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    Author(s): A. Dennis Lemly
    Date: 1998
    Source: Journal of North American Benthological Society. 17(2):228-238.
    Publication Series: Miscellaneous Publication
    PDF: View PDF  (350 B)


    Growth of filamentous bacteria (Sphaerotilus sp., Leptothrix sp.) on aquatic insects was evaluated for its usefulness as a bioindicator of detrimental nutrient levels in streams. Field measurements of insect abundance, nutrient concentrations, and incidence/ degree of bacterial growth on insects upstream and downstream of livestock pastures were made in 2 Virginia, USA streams. Laboratory studies were conducted to determine the effect of bacterial growth on insect survival. Elevated concentrations of dissolved nutrients (0.13 to 0.35 mg/L orthophosphate, 1.29 to 2.13 mg/L nitrate) downstream of pastures were associated with growth of filamentous bacteria, which colonized the gills and body surface of aquatic insects. Significantly lower densities of insects (up to 66 percent less) occurred at downstream sites. In laboratory studies, 100 percent mortality of heavily infested mayflies (>25 percent of body covered, including gills) occurred within 30 days, whereas >85 percent of individuals without bacterial growth survived and grew normally. The pattern of mortality in the laboratory closely paralleled the differences in density observed in the field. Bacterial growth on aquatic insects appears to be a reliable bioindicator of nutrient enrichment, and the degree of infestation associated with reduced insect survival can be quickly detected in the field or laboratory using a hand lens (10 to 15X magnification). This bioindicator shows promise as a significant addition to EPA Rapid Bioassessment Protocols because simple visual assessment of benthic samples may be sufficient to identify a cause for impaired macroinvertebrate communities. Bacterial growth should be useful for detecting nutrient impacts in streams, as well as evaluating the success of management practices to control nutrients from point or non-point sources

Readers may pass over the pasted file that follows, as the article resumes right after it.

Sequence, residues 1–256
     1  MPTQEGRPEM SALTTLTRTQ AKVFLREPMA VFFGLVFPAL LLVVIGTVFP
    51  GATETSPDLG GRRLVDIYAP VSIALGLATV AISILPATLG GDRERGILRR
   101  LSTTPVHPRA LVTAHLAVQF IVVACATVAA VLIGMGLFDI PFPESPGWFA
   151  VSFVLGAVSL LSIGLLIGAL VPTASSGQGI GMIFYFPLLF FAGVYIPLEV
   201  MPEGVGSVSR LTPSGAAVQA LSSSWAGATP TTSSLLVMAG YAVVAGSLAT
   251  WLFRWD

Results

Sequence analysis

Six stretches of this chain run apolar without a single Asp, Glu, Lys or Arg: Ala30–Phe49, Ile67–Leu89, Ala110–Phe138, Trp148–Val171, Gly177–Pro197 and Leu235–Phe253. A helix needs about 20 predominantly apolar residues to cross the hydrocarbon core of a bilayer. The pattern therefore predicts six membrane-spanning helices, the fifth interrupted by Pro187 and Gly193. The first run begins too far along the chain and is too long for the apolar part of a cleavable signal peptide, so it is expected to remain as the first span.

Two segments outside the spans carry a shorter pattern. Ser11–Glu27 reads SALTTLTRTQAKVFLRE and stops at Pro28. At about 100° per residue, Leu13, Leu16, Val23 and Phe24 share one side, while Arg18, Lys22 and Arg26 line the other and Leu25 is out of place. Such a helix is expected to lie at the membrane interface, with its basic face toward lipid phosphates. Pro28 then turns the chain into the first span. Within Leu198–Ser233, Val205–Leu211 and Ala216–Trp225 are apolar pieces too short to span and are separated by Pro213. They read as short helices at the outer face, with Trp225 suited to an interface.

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    Lemly, A. Dennis. 1998. Bacterial growth on stream insects: potential for use in bioassessment. Journal of North American Benthological Society. 17(2):228-238.

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